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Stoma Introduction

A stoma is a surgically made opening in the abdominal wall, the intestine meets this opening and waste is then excreted into an ostomy appliance. Your reason for having a stoma can be due to an accident or illness and can be permanent or temporary. You may have a stoma for just a month or it may be two or three years.

A temporary stoma is often a loop or double barrel stoma which has two openings and any output will emerge from the larger one. A permanent stoma is constructed if it is unlikely that the portions of the digestive segments can be rejoined. Permanent stomas are usually end stomas (not loop) and only have one opening.

Types of Stoma

A stoma is a surgically created opening that connects a tube like vessel to the outside. It comes from the Greek word meaning mouth or opening. There are many types of stoma, but we will only concentrate on those for the bowel and urinary system.

Colostomy

A colostomy can be made at almost any point along the large bowel (colon). Where the colostomy is created will depend on the medical reason, but generally they are located on the lower left hand side of the abdomen. The output may be almost fully formed stool and wind is common.

Ileostomy

An ileostomy is made from the small intestine (ileum); usually it will be located on the lower right hand side of the abdomen. The output is generally liquid to paste-like stool and can often be corrosive due to the presence of digestive enzymes.

Urostomy

A urostomy is a diversion which drains urine and is made using the small bowel. It is generally located on the abdomen on the lower right hand side. The output is urine although you may find some mucous is secreted due to the nature of the surgical operation.

What should my stoma be like?

Your stoma should be red in colour similar to the inside of the mouth; this is due to the rich blood supply to the stoma. If the colour of the stoma changes, turns pale, dusky or dark then please contact your stoma nurse.

You may find that your stoma bleeds when wiped, this is normal and is again due to the rich blood supply very close to the surface.

Your stoma will have no feeling when you touch it as there are no nerves in the bowel tissue. Your stoma should also feel warm to the touch.

An ileostomy will usually be raised above the skin to form a spout and this allows the output to flow into the pouch more easily. A colostomy will usually be flush with the skin.


Stoma Hints and Tips

Try to change your pouch when your stoma is less active. It may take some time to get to know or recognise a pattern but it may help to make changing quicker and easier. Applying a pouch may be easier if the flange is warmed slightly, holding it between your hands for a short while will bring it to body temperature.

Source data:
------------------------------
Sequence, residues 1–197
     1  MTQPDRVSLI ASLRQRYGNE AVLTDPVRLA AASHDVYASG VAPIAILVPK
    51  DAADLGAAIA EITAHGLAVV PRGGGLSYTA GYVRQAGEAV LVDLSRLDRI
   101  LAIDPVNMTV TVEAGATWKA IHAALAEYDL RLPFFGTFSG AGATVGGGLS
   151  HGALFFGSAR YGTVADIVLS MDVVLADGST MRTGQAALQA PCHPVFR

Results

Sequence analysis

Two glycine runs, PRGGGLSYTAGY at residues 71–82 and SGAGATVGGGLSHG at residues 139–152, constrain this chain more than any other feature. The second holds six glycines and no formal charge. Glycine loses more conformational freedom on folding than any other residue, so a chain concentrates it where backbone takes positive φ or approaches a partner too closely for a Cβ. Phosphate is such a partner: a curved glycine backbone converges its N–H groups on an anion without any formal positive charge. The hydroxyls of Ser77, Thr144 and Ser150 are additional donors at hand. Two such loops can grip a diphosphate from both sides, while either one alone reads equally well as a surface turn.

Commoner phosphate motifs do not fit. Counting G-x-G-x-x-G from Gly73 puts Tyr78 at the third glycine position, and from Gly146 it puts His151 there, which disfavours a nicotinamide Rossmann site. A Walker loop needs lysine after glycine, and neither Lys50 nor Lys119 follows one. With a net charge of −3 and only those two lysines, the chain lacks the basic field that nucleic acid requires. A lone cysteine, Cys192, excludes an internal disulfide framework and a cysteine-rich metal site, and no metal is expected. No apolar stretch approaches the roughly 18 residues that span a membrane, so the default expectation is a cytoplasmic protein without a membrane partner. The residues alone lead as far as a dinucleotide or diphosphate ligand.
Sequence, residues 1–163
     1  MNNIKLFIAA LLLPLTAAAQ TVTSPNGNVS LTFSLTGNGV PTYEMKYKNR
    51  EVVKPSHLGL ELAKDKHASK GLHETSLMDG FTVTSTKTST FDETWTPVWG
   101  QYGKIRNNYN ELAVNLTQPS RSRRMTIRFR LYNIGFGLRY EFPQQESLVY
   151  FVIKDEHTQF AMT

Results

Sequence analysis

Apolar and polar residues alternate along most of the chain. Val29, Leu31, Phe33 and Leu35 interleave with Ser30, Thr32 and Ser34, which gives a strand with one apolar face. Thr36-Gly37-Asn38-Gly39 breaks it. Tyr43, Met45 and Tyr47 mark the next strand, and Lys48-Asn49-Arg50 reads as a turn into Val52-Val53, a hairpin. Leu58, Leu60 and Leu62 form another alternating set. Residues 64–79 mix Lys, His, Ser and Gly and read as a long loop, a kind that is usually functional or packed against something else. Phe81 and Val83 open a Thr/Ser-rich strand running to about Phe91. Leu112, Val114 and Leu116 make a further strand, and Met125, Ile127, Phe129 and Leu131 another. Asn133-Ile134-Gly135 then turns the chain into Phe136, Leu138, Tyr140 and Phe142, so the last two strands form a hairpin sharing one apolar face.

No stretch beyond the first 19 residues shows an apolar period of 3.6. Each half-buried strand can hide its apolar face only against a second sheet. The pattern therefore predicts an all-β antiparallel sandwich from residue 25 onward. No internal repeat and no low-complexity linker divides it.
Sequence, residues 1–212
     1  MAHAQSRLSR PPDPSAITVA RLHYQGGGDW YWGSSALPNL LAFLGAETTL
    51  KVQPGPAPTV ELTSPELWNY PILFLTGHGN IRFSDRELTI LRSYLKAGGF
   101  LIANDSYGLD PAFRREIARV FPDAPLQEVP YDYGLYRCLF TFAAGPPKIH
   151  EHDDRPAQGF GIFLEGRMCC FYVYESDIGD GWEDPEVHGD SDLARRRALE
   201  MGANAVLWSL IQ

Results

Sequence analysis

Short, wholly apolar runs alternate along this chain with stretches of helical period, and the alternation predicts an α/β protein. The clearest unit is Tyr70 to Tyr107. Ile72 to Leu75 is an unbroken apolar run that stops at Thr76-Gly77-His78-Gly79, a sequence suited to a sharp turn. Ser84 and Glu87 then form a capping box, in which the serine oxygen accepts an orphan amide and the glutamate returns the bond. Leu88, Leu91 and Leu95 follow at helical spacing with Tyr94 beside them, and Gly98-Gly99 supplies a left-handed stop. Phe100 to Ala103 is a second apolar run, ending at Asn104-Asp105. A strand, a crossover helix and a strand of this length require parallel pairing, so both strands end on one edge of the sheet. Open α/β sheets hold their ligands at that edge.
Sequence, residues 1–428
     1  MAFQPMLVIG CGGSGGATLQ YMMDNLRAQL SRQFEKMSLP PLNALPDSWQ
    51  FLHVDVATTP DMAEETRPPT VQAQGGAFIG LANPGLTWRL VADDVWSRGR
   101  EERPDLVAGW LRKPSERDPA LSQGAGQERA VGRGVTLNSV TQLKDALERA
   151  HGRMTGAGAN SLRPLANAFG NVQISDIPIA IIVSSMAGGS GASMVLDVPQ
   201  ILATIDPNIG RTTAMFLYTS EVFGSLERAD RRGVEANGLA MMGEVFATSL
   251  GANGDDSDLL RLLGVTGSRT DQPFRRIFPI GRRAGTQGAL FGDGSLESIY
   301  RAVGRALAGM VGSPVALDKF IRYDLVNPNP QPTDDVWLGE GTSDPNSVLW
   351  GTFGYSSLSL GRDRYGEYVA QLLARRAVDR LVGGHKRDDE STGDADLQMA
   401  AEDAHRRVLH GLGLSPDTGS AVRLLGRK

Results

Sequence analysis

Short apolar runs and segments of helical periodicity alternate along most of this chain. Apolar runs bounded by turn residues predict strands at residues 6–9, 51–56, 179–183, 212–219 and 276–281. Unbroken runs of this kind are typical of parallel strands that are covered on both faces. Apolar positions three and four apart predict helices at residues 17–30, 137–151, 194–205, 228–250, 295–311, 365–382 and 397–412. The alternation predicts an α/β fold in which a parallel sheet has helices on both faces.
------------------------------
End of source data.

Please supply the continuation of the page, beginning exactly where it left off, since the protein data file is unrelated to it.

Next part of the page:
If you have wrinkles or folds in the skin around your stoma, try standing or changing position to stretch the skin, it will give you a better fit. Always check for nicks or faults before using a pouch. Your pouch must fit properly around your stoma to help prevent sore skin and reduce the possibility of leakage; use the backing from the flange to check the pouch has been cut to the right size for you. Some people  need thier pouches cut to size, perhaps because you find it difficult or you are short of time, which many suppliers can do for them.

Use the “up and over” technique to apply your pouch. Remove the backing paper, almost fold the flange forwards in half and starting at the bottom of the flange and stoma edge, stick the flange to the skin bringing it up and over the stoma. Once the pouch is in place run your fingers around the edge to check for any crease or folds. You can then place your hand over the pouch for 30 seconds and the heat from the hand helps the pouch adhere and conform to the body shape. This technique is easier to demonstrate and if in doubt contact your healthcare professional for guidance.

Hygiene

Bathing

If you bathe with a pouch, do not try to remove it immediately afterwards as this can lead to sore skin.  The adhesive is stronger when wet and becomes harder to remove.

You can bathe or shower without an appliance if you wish.  A good soak in the bath will give the skin around the stoma a chance to rest.  Be aware that your stoma might function while you are bathing or showering, especially if you are an ileostomist.

Do not use bubble bath or bath oils as they may stop the pouch sticking securely afterwards and can irritate your stoma.

If you have a power shower, the water jets can be very powerful and if directed onto your stoma, especially at close range, might cause problems.

Public Toilets

As an ostomist you can use disabled toilet facilities – these are often cleaner than other public toilets and have more space and surfaces to lay out your items.

You can obtain a RADAR key for many disabled toilets – either through the RADAR website (www.radar.org.uk) your nurse.

Put a couple of sheets of toilet paper in the bowl before emptying your pouch, it reduces the noise and splashing.

Flush the toilet immediately after emptying your pouch, it can help to reduce odour.

Always have paper or wipes with you for use in public toilets as they often run out. A bottle of water can also be handy when you need to clean up.

Use only plain lukewarm water and dry wipes for cleaning your stoma (if you must use wet wipes, then make sure they are lanolin and fragrance free as the skin around your stoma can be very sensitive).




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